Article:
What timber workers need to know about workers compensation versus income protection insurance
AS TIMBERBIZ recently reported, the latest data from Safe Work Australia’s Australian Workers Compensation Statistics shows that the most dangerous industry to be in is agriculture, fishing and forestry.
It’s not the most comforting thing to think about if you’re employed in the timber industry and it’s a good incentive to have some form of income protection in case you’re injured and unable to work.
If you’re an employee, you are usually covered by workers compensation, which your employer is required to take out on your behalf. But if you are an independent operator or a part time or casual worker in the timber industry, you are not covered by workers compensation and you must look to some other form of insurance to protect your livelihood.
While workers compensation does provide a level of protection for workplace accidents, it also has its shortcomings. Many timber workers take out income protection insurance for a more comprehensive level of cover.
One of the key reasons for doing so is because workers compensation only covers accidents that happen at work, while statistics show that more accidents happen off the work site than on it. Also, apart from traumatic events, work-sustained injuries can often take months or years to become apparent (i.e, repetitive strain injuries) and it can be difficult to prove your claim at a later date, particularly if you have left the job in the meantime. By contrast, income protection insurance will pay out for injuries that prevent you from working, regardless of where they happened.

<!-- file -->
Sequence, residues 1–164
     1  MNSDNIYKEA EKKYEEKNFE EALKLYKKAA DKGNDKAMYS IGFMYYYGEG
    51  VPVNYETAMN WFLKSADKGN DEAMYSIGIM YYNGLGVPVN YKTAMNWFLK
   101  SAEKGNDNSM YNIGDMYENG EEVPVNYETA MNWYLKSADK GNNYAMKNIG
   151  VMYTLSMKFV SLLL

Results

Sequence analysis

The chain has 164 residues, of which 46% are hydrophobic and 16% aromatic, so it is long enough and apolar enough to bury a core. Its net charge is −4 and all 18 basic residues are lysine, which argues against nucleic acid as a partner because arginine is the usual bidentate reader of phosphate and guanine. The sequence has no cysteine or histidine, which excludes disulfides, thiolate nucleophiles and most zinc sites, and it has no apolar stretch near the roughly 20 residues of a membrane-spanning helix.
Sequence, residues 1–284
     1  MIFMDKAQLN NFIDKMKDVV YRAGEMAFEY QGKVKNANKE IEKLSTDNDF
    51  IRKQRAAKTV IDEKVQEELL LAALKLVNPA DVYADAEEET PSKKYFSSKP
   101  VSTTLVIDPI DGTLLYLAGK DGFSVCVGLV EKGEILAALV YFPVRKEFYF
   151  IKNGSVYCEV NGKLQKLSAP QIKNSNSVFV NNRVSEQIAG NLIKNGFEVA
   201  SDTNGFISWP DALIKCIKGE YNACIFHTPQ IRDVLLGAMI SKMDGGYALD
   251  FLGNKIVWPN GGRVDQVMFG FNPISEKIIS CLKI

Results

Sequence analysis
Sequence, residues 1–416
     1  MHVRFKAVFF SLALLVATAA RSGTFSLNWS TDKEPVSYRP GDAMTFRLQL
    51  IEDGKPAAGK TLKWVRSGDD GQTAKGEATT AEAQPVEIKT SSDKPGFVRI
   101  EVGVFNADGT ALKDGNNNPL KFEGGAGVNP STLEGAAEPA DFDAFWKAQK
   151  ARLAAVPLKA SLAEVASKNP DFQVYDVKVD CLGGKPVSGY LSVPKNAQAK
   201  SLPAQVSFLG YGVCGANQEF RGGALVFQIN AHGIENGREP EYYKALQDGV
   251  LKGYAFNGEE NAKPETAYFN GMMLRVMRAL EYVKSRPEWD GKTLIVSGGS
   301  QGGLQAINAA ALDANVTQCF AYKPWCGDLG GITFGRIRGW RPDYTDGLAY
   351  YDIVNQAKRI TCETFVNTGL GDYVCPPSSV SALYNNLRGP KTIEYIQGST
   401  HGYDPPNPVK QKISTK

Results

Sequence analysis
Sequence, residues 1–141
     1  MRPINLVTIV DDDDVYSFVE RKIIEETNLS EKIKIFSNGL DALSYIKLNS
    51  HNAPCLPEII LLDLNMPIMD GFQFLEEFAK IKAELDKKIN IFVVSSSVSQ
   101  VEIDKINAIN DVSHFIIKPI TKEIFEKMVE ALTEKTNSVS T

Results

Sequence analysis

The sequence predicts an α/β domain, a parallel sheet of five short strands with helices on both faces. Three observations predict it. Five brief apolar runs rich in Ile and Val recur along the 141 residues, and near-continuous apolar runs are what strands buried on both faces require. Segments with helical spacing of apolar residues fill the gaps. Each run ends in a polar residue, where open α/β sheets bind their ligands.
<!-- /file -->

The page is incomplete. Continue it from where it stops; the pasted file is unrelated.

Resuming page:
Workers compensation benefits are also capped at around 130 weeks, unless you are totally incapacitated, whereas income protection insurance will pay benefits anywhere up to 70 years of age, depending on the level of cover you choose.
Another problem with workers compensation is that your employer must be proved to have been negligent in order for your claim to succeed. This can be a difficult and time-consuming process that may result in your claim being rejected, particularly if it can be shown that you contributed in some way to the accident yourself.
Add to that the fact that there is no uniformity in benefit periods and amounts, with each state having its own particular workers compensation laws, and the argument for having income protection insurance becomes even stronger.
Income protection insurance pays you 75% of your normal wage if an injury or illness leaves you unable to work. But there are still several things to keep in mind when considering this type of cover.
One is that, similarly to workers compensation, income protection insurance does not cover part time, casual or seasonal workers. If you fall into this category and you find yourself unable to get either workers compensation or income protection insurance, you may need to look at taking out another form of insurance that will cover you.
The other main issue with income protection insurance is how much you will have to pay for it, which is determined largely by your occupation. As forestry is considered a dangerous industry, you may find that your job is classified as high risk, meaning that you will have to pay higher premiums or, if you are a tree feller or mobile mill operator, potentially be considered uninsurable.
If you encounter this problem, remember that insurers have different occupational classifications. If you shop around, you may find a provider that will cover you when others won’t. You could also try seeking the advice of a financial adviser with experience in this area who can answer your questions and compare policies for you.